In the opening sentence of Poe's classic short story, Montresor makes his intentions perfectly clear by commenting,
The thousand injuries of Fortunato I had borne as I best could, but when he ventured upon insult I vowed revenge. (Poe, 1)
Montresor goes on to reveal his determination to get revenge on Fortunato for his ambiguous "thousand injuries" and elaborates on his idea of the perfect revenge by saying,
At length I would be avenged; this was a point definitely, settled—but the very definitiveness with which it was resolved precluded the idea of risk. I must not only punish but punish with impunity. (Poe, 1)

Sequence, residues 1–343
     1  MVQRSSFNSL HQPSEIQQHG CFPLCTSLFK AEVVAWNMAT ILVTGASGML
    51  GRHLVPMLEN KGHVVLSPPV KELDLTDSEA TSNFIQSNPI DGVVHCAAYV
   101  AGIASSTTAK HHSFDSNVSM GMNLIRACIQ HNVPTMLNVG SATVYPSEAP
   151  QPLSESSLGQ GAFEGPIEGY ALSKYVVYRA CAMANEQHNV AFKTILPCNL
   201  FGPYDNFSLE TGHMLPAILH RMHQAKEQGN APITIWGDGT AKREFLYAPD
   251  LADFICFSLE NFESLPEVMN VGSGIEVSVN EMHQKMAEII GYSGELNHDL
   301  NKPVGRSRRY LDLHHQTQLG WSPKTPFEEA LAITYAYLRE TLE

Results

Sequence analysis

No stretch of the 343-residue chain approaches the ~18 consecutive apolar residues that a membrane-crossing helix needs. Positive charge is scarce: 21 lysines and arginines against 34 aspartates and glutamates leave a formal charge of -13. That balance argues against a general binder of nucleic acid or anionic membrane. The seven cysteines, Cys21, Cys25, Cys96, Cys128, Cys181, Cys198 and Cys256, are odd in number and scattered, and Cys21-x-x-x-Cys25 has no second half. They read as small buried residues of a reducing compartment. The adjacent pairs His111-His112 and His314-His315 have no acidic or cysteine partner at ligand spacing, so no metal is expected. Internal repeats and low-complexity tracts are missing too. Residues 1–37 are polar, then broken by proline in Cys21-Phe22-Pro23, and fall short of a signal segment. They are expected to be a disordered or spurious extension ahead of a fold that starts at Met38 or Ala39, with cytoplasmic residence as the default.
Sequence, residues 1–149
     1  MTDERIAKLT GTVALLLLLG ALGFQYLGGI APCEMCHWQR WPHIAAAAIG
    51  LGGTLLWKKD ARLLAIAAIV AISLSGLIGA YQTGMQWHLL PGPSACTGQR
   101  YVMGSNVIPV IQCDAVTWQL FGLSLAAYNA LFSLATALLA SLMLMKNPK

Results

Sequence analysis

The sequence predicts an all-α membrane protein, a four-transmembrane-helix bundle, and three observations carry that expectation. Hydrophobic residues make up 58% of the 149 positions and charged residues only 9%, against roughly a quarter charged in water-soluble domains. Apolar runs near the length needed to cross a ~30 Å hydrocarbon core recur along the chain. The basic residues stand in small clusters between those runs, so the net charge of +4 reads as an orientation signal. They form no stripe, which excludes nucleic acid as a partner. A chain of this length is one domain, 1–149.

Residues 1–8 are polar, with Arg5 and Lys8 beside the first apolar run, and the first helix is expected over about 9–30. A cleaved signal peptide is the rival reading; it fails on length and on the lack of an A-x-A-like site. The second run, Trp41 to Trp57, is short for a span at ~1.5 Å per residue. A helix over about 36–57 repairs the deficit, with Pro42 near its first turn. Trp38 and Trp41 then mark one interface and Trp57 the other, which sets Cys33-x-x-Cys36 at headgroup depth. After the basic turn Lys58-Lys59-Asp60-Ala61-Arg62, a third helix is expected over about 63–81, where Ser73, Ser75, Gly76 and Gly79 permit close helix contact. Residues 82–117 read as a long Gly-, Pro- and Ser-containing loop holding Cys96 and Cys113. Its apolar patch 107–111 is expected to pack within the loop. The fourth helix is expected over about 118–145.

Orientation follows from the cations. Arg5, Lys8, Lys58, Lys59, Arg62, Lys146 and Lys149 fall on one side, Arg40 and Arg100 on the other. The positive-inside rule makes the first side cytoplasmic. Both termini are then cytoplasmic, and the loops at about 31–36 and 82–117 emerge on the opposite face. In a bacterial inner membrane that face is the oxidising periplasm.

After carefully planning his revenge, Montresor meets Fortunato during the carnival season and leads him to his empty palazzo. Once they are in the depths of Montresor's catacombs, Fortunato begins coughing and Montresor suggests that they return. When Fortunato replies by saying that he will not die of a cough, Montresor once again reveals his desire for revenge and evil...
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